The Best of Dorien B. is a sympathetic portrait about a woman’s attempts to let go from the coping mechanisms that have defined her life for so long.
When Dorien (Kim Snauwaert) discovers a lump in her breast, her first inclination is to pretend, fervently, that nothing is wrong. It’s an approach that she has been leaning on rather heavily of late. A seemingly gilded life – she’s a vet with her own practice, a mother with two children and a wife with a handsome, successful husband – has something malignant at its core, something which spreads and taints everything it touches. The lump is a moment of punctuation in Dorien’s life, a pause to look over the coasting family chaos and to realise that, in most situations, she is putting more in than she is getting out. She knows enough about medical diagnosis, albeit of small pets not humans, to suspect that what ails her is likely to be serious. And as she struggles to claim the attention of her husband and parents for long enough to tell them, she starts to realise that there is sickness elsewhere in her life.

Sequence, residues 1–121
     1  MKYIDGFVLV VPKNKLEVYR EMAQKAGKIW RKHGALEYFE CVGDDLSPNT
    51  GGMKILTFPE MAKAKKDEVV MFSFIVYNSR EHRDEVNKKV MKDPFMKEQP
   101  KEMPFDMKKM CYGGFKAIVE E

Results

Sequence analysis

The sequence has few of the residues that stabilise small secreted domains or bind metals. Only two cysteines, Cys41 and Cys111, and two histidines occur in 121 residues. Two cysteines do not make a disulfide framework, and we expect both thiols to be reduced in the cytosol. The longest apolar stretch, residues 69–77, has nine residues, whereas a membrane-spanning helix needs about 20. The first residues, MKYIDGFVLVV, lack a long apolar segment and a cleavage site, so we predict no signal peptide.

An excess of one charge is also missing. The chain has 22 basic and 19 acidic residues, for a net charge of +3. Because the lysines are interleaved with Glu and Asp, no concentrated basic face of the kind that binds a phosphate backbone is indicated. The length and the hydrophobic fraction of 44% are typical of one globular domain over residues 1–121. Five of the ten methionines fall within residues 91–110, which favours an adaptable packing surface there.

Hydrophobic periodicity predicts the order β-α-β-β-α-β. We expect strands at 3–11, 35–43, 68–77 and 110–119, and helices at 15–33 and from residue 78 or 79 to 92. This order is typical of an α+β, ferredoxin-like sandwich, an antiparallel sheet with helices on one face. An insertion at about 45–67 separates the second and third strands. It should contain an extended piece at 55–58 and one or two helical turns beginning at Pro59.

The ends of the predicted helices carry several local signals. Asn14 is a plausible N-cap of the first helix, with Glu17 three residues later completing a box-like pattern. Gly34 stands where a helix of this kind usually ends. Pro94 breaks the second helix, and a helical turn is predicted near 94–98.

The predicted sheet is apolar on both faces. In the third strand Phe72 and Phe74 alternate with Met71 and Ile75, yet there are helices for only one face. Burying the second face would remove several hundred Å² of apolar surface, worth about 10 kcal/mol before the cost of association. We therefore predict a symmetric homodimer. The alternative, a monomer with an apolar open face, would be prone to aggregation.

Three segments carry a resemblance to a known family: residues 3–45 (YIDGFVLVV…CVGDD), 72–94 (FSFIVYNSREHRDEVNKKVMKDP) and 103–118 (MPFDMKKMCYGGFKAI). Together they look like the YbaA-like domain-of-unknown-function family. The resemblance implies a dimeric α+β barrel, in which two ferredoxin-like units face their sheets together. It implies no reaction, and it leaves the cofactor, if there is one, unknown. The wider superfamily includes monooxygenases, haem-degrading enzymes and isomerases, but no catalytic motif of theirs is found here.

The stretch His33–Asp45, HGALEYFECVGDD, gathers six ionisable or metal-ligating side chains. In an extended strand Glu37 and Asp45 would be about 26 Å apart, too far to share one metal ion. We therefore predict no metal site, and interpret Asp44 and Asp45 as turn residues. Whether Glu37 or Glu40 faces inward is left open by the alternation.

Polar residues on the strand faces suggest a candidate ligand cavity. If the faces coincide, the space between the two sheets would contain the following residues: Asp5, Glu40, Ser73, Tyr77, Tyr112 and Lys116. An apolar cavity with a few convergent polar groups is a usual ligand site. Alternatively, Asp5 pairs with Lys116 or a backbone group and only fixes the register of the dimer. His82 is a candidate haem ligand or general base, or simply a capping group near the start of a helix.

Like the very relatable Kim Snauwaert in the central role, the comic elements in this perceptive drama are achingly wry and given to moments of eye-rolling complicity. The first feature from co-writer and director Anke Blondé, Dorien B. showcases her talent for creating knotty, fully realised female characters and, drawing on skills from her other career as a casting director, for seeking out the perfect match of acting talent to role.